- Will interim assessments need to be developed?
- If every teacher teaches any lesson they deem appropriate, and each campus has autonomy, how will we have consistent outcomes?
- If currently students have inconsistent outcomes, then can we really compare students from one campus to another?
- DDI presupposes a consistent curriculum that all teachers follow. Is this a pre-requisite that prevents going forward? In other words, will we need to develop a curriculum guide–sequenced appropriately–before we can move forward?
I appreciate the forum for discussing questions about the “Leverage Leadership” text. Two key points jumped out at me because they appear to be pre-requisites to moving forward. Please be aware that you may be aware of details that make my contribution inaccurate (e.g. CSCOPE provides end-goal assessments that could be used, so it may be inaccurate to say end-goal assessments don’t appear to exist classroom to classroom).
Key Point #1 – If assessments define rigor, then they must be common across all classes and grade levels…otherwise, equal rigor cannot be guaranteed in each classroom. “Measuring outcomes is only useful if you know what the target should be. If the target is different in each classroom, then we have no way to know how students are doing across the cohort relatively to each other. The students are stuck with varying degrees of rigor depending on which teacher they have. That’s not fair to our students.”
The questions that come to mind include the following:
1) Will interim assessments need to be developed district-wide? Since I imagine the answer is YES, how will these interim assessment be deployed? Developing interim assessments can be a tough task and having seen large districts struggle with developing valid, reliable interim assessments, it seems worthwhile to invest in a “bank” of assessments rather than try to develop in-house. Whether that’s a point of agreement or not, another issue is how to administer interim assessments.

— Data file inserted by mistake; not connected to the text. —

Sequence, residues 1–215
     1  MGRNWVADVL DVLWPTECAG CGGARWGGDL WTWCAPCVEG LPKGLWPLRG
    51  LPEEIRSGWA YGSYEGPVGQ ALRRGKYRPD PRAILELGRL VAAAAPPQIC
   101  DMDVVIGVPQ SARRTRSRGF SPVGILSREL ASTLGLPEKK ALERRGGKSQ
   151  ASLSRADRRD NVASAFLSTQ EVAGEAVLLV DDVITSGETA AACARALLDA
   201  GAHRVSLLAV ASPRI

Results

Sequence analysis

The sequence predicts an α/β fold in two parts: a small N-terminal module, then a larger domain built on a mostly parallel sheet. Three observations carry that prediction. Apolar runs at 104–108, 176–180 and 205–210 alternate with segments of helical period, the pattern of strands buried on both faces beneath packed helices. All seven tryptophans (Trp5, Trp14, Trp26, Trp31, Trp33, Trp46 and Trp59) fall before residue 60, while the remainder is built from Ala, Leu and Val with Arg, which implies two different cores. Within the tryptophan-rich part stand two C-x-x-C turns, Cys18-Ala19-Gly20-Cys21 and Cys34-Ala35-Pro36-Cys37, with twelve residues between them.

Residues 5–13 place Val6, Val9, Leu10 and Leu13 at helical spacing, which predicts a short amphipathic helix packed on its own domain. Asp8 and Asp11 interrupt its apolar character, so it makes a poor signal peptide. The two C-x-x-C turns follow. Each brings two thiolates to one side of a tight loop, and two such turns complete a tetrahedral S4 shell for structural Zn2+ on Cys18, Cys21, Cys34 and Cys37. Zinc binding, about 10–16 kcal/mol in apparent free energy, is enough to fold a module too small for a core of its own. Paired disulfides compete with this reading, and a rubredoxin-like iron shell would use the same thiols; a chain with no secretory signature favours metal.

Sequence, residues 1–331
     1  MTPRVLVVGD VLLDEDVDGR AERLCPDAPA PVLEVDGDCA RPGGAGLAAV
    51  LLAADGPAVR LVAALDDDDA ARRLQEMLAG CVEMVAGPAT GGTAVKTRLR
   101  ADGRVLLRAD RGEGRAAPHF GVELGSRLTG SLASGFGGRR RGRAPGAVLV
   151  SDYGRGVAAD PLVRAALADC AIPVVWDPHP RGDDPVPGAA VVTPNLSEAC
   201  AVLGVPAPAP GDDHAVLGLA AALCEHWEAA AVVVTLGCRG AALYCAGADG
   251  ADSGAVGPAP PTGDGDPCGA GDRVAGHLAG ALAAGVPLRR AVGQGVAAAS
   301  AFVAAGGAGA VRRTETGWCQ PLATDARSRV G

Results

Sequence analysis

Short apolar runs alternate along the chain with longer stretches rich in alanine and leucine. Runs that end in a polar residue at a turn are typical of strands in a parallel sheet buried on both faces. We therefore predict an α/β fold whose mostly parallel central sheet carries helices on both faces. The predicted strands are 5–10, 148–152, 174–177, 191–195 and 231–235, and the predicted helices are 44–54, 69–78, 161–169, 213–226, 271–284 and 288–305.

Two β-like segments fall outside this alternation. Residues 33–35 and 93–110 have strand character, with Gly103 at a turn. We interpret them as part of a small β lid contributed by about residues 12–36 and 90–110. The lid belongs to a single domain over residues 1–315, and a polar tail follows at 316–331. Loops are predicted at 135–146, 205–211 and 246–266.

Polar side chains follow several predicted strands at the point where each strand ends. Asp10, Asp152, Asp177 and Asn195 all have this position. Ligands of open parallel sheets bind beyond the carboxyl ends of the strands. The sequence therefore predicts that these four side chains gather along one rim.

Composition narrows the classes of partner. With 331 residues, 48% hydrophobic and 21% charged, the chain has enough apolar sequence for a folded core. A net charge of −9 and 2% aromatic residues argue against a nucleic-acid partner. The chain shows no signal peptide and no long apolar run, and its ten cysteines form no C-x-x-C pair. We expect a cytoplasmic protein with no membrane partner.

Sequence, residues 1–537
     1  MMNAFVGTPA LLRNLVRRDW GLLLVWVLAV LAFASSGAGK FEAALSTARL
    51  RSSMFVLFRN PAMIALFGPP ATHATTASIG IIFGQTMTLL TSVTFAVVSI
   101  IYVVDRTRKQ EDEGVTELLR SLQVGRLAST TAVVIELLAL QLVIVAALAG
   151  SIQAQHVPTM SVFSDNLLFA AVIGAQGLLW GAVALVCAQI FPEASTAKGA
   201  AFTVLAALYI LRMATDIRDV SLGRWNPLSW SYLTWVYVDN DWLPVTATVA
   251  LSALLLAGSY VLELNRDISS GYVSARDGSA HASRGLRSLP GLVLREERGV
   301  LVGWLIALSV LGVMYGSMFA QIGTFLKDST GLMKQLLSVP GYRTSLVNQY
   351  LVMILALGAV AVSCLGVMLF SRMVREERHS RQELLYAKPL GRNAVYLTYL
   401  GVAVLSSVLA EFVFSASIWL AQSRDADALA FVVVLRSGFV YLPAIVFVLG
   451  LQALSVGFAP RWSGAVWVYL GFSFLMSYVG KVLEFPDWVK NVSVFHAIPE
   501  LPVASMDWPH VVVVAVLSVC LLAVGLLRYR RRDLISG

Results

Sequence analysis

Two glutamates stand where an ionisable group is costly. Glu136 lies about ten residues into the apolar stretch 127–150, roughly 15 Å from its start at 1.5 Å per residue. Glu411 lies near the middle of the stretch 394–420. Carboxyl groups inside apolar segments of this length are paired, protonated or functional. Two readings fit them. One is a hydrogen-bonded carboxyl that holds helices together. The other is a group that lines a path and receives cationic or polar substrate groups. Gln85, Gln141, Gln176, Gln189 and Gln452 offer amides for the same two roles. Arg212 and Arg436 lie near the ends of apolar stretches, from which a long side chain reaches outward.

School districts can spend a lot of money administering interim assessments, not just funding on creating them. Even if you are paper-n-pencil based, it could cost a lot of money. Since the goal is to move towards paperless, what digital management system for interim assessments would be put in place? Without a digital system, it may be exceedingly difficult, if not impossible, to achieve the 48 hours between administering an assessment and getting the results.
2) If every teacher teaches any lesson they deem appropriate, and each campus has autonomy, how will we have consistent outcomes?
Without a curriculum scope-n-sequence in place, and articulated end-goal assessments, how will consistency be achieved across classrooms, from teacher to teacher, campus to campus?
These are two questions that come to mind.
Key Point #2 – DDI presupposes a consistent curriculum that all teachers follow. Is this a pre-requisite that prevents going forward? In other words, will we need to develop a curriculum guide–sequenced appropriately–before we can move forward?
Since data-driven instruction is the first lever–“Until you achieve proficiency with the data-driven instruction lever, none of the other instructional levers will work effectively.”–does this mean we will need to develop a consistent curriculum scope-n-sequence with end-goal assessments and interim assessments before moving forward with implementation?